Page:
If you haven't been doing it already, I would embargo Youtube completely on any licenses you sell. If anyone wants a Youtube license, the rate should be two to three times what you charge for a network, and should ALWAYS include a time limit (10 days, 30 days, etc). Don't let any of them post a video on there indefinitely (in perpetuity).
Again, this is why the Wall Street Journal went after Youtube and his 57 million subscribers and how this whole mess started.
Dan, I seem to remember that you're a railfan as well as a storm chaser. The bulk of my YouTube activity is on my train channel, https://www.youtube.com/user/HighIronofWisconsin
Two of my last seven uploads have been flagged as "not suitable for all advertisers," each about two days after uploading. I have no idea what could possibly be triggering that. In both cases I requested manual review, but a box popped up that said they wouldn't do it until it reached 1,000 views. However, both videos were enabled back to full monetization after about 12-18 hours, despite not having reached the alleged 1,000 view threshold.
I can understand advertiser's desire not to have their brand associated with certain types of content, but as usual YouTube went overly heavy-handed and put the burden on the user...and I really can't see what's objectionable about spectacular videos of nature's fury in action.
As a creator, I'd also like to have some degree of control over what ads are associated with my videos. When I watch my own videos on browsers without an ad blocker (especially during the recent election season), it is by no means rare for me to see ads promoting causes or candidates I oppose. I don't want their money, and I'd rather not have my content provide a platform for them.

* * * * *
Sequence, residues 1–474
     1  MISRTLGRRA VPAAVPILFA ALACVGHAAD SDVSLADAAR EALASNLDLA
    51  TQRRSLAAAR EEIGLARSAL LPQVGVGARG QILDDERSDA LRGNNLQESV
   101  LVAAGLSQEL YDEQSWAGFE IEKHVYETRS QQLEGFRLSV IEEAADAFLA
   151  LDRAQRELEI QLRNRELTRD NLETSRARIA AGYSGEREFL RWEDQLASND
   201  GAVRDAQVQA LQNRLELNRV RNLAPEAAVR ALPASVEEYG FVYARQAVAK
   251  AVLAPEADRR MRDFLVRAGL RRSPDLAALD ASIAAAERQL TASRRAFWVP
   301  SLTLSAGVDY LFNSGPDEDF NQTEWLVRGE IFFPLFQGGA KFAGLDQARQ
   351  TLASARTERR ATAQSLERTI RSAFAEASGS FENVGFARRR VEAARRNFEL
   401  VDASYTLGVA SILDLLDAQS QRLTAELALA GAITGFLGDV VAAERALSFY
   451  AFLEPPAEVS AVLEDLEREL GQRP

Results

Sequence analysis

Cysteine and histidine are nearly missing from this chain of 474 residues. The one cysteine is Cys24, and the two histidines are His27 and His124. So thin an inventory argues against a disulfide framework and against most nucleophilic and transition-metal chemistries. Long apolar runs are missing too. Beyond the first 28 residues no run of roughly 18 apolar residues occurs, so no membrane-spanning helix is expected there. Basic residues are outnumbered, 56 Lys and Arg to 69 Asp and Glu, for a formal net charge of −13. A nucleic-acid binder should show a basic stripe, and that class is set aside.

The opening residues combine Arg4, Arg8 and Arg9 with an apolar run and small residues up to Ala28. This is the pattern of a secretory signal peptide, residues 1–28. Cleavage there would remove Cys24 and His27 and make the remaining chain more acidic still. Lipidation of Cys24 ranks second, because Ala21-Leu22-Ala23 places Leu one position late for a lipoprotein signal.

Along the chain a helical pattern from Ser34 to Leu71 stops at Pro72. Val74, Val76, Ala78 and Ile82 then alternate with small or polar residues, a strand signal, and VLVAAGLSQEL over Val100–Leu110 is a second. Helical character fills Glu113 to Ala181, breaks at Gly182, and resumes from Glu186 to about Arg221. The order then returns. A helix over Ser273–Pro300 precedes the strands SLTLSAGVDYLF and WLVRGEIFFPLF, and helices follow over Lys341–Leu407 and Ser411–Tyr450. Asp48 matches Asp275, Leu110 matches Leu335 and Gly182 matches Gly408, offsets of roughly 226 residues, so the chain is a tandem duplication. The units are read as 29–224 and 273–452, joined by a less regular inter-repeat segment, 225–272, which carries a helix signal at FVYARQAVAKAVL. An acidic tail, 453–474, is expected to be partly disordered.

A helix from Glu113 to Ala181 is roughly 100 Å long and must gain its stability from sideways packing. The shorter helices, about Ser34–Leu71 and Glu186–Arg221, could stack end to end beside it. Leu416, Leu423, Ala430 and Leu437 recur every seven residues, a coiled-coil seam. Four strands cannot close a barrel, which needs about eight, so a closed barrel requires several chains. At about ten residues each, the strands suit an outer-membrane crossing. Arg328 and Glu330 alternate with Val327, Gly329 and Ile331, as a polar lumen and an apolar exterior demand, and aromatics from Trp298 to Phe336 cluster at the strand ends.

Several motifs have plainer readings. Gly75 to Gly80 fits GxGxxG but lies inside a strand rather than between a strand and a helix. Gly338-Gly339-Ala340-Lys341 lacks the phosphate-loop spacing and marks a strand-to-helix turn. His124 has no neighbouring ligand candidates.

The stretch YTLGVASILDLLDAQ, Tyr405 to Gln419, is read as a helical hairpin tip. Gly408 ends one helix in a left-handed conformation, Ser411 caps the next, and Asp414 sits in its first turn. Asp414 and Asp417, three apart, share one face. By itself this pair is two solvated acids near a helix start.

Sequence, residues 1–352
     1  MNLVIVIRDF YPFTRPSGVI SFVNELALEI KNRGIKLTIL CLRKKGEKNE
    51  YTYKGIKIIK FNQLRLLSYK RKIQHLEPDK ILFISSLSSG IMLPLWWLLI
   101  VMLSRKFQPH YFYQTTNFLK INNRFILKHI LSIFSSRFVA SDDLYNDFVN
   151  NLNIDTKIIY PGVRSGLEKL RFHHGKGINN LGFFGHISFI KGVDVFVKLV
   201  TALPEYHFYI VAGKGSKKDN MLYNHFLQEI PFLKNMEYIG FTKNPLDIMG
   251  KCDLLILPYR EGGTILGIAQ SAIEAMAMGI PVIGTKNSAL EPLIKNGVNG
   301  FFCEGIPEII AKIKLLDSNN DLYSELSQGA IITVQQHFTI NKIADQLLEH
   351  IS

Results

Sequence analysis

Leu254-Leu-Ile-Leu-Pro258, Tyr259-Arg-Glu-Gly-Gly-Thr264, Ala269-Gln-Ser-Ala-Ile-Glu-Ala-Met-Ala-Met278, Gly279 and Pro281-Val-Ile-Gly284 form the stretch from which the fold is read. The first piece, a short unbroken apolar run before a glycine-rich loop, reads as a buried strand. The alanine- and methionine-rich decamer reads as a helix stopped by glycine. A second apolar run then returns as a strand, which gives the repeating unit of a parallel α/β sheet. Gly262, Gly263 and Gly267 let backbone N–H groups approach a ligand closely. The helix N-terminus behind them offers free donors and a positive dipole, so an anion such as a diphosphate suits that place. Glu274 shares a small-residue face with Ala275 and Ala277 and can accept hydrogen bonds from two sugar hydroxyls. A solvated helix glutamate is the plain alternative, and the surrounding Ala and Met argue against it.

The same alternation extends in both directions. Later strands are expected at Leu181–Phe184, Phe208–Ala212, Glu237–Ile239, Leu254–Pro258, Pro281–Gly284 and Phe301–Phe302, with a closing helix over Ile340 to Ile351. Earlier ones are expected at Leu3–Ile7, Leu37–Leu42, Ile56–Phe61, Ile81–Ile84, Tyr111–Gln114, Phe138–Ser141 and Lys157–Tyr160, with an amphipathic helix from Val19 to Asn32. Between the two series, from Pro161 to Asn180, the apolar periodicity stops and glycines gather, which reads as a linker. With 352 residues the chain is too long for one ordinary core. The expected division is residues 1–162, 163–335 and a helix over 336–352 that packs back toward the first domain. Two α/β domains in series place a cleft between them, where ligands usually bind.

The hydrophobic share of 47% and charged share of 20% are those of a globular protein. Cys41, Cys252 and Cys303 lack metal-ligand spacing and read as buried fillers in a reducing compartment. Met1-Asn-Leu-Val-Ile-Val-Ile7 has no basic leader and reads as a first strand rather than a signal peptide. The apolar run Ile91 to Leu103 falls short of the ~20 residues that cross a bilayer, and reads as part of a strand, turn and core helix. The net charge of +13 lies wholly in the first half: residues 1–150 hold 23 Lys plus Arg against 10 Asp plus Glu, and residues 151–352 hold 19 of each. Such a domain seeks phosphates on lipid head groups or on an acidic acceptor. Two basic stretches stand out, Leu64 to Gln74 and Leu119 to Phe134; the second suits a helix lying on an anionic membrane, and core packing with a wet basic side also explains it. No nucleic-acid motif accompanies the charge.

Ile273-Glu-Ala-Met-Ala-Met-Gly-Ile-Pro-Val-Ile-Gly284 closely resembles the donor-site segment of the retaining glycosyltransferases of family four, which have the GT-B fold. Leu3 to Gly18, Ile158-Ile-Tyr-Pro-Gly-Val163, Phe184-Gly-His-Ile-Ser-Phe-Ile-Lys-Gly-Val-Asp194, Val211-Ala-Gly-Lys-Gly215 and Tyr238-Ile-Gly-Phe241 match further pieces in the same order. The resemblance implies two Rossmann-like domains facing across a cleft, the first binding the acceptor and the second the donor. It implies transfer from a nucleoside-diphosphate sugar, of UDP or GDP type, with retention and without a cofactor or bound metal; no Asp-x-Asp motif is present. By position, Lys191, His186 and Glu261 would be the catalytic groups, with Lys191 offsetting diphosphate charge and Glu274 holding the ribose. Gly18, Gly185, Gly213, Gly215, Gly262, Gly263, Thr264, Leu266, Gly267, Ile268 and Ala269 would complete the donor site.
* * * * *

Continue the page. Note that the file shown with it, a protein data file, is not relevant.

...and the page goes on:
Another update from my channel. The video that previously seemed to be restored after appeal is once again listed as "not suitable for all advertisers", and now a another of my most popular videos has been hit this morning. So, that's my top 3 performing (and earning) videos now in this state, with one appeal rejected and two pending.
The next step for me, if the appeals are denied (and I expect they will be, based on everything I've been hearing from other channel owners) is to set all of the videos to private and convert the top performing videos to pay-per-view. I don't expect that will be very popular with users, but it's the only other option at this point. EDIT: And of course, Youtube has indicated it is shutting down its paid content option for pay-per-view videos. Wow, this is looking very much like the end of my association with Youtube.
Andy, there are certain words that can trigger the algorithm - anything that can even be remotely considered controversial or "disaster" related. In my case, it was words like "crash" and "accident" which I changed to things like "slides" and "spinouts".
1.) That's ominous, I'll have to keep my eye on the two videos that look like they've won appeal.
2.) Again, I understand the desire of advertisers (and YouTube itself) not to be seen as supporting certain types of content such as hate speech or videos done purely for shock value, but this just seems overboard and guaranteed to cause headaches for/drive away perfectly innocuous users like you and me.